Bringing home the bacon

by Kimberlie Clyma
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Economic analysts are beginning to see positive signs of recession recovery in all industries, including meat and poultry. Processing companies are beginning to see profits rise and employees of these firms are feeling more positive and satisfied in their jobs. These attitudes are reflected in the results from this year’s Annual Salary Survey and Job Satisfaction Report (see page 24 of M&P Digital Edition). For 25 years, Meat&Poultry has published the results of the industry’s only salary and job satisfaction survey in an effort to provide M&P readers with a toll to stay more competitive with their competition. Space within the magazine does not allow publishing the entire database of information collected during this study, conducted by Kansas City, Mo.-based Cypress Research Associates. The following pages only include a snapshot of all the data collected and analyzed. However, readers interested in receiving more in-depth information about this or previous year’s surveys are encouraged to contact the editors at: meatpoultry@sosland.com.

Demographic differences
It has been three years since the M&P Annual Salary Survey and Job Satisfaction Report surveyed small to mid-size meat and poultry processing companies (with annual sales of less than $100 million). This year’s survey was distributed to approximately 2,000 management-level processing company employees. Interestingly, nearly two-thirds of the respondents reported working for companies with sales of less than $35 million (5.3 percent between $25 million and $34.9 million; 7.6 percent between $15 million and $24.9 million; and 52.3 percent less than $15 million). Most of the respondents’ firms (46.6 percent) employ less than 25 people. Companies employing between 25 and 99 people make up 14.8 percent of those surveyed; 15.9 percent were from companies with 100 to 199 workers; and 22.7 percent were from larger firms, with more than 200 employees.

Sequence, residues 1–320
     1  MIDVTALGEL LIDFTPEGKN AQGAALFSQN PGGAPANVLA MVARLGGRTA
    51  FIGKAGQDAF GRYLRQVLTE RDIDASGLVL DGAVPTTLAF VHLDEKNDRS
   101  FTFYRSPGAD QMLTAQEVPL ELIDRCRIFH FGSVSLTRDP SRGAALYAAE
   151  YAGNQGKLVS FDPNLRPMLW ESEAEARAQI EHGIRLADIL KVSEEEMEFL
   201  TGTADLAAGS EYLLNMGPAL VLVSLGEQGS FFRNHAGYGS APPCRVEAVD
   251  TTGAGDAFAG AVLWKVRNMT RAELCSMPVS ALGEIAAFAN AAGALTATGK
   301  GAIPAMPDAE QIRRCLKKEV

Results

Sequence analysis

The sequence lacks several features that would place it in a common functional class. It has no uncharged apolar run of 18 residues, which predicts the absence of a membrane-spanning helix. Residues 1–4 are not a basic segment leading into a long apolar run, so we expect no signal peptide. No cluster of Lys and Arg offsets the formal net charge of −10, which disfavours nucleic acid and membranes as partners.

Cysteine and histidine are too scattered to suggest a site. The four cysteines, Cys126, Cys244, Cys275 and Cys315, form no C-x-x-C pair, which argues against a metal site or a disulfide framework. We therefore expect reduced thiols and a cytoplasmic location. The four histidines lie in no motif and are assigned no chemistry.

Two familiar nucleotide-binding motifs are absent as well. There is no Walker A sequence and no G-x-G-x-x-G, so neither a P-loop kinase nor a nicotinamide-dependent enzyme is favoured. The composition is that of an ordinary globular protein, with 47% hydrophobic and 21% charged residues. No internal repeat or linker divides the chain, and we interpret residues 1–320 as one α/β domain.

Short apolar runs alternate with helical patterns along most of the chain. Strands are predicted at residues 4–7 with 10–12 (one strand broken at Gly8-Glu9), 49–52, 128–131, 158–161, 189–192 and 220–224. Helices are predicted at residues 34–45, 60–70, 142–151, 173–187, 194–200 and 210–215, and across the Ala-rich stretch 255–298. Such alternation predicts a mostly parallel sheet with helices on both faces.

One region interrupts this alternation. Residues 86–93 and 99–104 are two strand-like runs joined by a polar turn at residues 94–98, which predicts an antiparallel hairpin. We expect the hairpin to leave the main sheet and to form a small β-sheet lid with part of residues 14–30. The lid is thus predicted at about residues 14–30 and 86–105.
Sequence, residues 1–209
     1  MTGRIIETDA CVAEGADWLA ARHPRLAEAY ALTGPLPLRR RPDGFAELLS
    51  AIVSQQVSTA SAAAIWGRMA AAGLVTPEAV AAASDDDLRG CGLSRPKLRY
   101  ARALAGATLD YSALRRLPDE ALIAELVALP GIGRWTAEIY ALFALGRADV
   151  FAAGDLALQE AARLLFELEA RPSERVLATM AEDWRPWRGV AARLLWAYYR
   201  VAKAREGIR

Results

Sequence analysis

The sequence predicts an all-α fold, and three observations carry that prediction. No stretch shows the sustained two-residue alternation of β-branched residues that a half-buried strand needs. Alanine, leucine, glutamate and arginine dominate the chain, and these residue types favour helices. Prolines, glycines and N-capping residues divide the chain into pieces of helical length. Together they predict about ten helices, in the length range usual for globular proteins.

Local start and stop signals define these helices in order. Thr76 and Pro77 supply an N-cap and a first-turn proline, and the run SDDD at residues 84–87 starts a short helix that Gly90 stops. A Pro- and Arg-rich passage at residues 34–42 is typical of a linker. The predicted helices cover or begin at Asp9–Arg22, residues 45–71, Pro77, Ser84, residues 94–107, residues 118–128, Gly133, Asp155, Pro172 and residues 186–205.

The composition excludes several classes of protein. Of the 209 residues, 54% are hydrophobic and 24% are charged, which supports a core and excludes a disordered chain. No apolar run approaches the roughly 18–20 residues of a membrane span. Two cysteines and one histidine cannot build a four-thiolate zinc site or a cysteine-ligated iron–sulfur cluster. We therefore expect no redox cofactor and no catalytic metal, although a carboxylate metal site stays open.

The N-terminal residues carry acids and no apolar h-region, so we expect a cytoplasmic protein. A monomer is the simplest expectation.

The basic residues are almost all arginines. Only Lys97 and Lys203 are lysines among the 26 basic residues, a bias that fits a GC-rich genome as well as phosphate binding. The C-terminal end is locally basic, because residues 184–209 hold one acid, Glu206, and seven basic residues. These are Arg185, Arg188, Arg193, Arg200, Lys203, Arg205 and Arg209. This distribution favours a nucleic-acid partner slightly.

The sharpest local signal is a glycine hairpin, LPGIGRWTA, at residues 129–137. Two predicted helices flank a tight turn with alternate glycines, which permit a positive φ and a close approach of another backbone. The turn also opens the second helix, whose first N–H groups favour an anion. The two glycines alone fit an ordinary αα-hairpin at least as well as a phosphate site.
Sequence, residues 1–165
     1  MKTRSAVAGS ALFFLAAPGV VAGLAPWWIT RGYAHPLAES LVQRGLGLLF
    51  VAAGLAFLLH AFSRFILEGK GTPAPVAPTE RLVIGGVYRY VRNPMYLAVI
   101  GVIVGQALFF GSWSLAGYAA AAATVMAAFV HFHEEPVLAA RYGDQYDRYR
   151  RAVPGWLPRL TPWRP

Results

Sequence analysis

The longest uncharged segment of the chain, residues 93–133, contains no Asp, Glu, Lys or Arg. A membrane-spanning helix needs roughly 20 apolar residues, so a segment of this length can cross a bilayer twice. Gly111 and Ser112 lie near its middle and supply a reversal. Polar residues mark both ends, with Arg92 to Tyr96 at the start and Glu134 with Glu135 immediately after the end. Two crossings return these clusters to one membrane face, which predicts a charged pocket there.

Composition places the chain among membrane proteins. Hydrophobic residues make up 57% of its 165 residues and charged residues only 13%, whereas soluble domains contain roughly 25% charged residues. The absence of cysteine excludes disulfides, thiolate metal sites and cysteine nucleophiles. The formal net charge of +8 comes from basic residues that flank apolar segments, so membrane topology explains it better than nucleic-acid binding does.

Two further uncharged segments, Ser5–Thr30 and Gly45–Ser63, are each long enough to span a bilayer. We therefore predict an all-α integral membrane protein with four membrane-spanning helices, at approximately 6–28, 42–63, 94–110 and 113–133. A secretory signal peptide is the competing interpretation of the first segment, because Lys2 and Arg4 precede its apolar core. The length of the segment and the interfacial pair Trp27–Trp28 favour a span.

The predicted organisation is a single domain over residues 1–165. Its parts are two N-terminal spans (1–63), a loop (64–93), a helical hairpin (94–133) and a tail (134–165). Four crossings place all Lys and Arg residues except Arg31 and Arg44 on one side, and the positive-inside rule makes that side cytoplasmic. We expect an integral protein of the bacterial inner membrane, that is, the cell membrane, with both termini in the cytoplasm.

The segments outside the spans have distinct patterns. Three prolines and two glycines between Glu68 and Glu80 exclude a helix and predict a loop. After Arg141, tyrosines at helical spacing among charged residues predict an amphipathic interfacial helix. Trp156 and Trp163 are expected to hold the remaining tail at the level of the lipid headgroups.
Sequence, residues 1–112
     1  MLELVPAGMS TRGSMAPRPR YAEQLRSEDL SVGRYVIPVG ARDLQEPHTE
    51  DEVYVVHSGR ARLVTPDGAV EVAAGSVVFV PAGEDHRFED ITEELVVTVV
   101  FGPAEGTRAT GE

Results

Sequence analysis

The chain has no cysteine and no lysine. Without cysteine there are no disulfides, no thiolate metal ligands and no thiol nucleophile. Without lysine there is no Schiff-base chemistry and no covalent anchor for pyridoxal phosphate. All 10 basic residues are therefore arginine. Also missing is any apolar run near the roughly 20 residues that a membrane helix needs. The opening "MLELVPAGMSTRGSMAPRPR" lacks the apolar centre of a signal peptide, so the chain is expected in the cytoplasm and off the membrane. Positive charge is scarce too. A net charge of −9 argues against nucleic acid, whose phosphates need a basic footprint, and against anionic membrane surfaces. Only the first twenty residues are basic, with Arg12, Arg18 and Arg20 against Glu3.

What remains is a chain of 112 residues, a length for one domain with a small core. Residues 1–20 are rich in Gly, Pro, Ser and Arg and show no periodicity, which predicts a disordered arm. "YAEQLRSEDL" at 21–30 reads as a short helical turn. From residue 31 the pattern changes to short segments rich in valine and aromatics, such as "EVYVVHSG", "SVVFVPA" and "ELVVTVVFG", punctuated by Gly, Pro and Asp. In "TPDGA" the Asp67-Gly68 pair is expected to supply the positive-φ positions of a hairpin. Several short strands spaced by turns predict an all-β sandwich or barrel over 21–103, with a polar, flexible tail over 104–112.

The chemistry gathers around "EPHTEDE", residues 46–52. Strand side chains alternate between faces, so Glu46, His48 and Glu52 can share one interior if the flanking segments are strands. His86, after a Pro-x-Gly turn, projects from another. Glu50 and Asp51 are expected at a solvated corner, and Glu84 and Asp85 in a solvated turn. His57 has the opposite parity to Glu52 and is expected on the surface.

Trending positive
With economic challenges still lingering, compensation results show conservative, yet positive trends. When asked to compare total cash compensation between 2009 and 2010, respondents in all eight categories reported increases in line or above the 3 percent-4 percent national average. CEOs were on the lower end, with a 3.1 percent total cash compensation year-to-year increase, possibly depicting that their willingness to financially “take one for the team.” Plant/general managers and sales and marketing managers reported a larger increase, 5.8 percent from 2009 to 2010. With sales positions often having some version of a performance-based compensation package, the 5.8 percent increase could indicate small to mid-size companies are on the mend financially.

The job satisfaction portion of the survey examines how different factors contribute to overall satisfaction of those surveyed. Based on a sevenpoint scale (where 7 = “extremely satisfied”) the mean score for overall satisfaction with salary was average at 5.6 (up from 5.2 in 2007 when small to midsize processors were last surveyed). “Work conditions” and “Amount of responsibility you have” reflected the highest increase in mean scores from 2007 to 2010 with an increase from 5.4 to 6.0 for “work conditions” and a rise from 5.5 to 6.1 for “amount of responsibility.” In the area of training and development, all categories saw an increase from 2007 to 2010 except for “company supports professional development through tuition reimbursement and formal training (that average satisfaction rating fell from 4.4 to 4.0).

The percentage of respondents who reported working for a company in a hiring freeze was 32.6 percent (up from 11.3 percent in 2007); 22.5 percent reported their company was in a salary freeze. Additionally, companies hiring within existing positions to meet increased production requirements fell from 37.9 percent to 18 percent and companies creating new positions fell from 25.4 percent to 16.9 percent. These numbers may indicate that either these small to midsize companies are still struggling because of the worldwide recession, or they are choosing not to have salary increases and additional hiring to be conservative as the economy continues improving. •

Research and analysis for the annual salary survey is conducted by Marjorie Troxel Hellmer, president of Kansas City, Mo.-based Cypress Research Associates (www.CypressResearch.com).

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